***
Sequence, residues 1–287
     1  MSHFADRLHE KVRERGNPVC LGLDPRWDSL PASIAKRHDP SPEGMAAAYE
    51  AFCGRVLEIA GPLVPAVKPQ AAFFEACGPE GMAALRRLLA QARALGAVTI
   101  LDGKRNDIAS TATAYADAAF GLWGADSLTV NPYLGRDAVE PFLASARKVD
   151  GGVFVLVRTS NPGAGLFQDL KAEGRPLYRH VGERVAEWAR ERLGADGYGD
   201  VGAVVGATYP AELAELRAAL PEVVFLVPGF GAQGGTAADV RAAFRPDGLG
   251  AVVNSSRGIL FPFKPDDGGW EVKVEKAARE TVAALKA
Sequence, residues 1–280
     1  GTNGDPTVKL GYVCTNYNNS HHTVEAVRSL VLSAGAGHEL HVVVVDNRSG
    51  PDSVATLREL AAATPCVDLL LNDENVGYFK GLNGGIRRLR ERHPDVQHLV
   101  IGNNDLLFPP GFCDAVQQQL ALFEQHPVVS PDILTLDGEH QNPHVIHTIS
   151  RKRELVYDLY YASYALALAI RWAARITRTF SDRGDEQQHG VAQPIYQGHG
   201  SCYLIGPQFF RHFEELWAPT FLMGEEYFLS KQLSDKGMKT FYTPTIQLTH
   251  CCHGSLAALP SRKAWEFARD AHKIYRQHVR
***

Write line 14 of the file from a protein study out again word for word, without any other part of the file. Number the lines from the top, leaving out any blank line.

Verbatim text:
   251  CCHGSLAALP SRKAWEFARD AHKIYRQHVR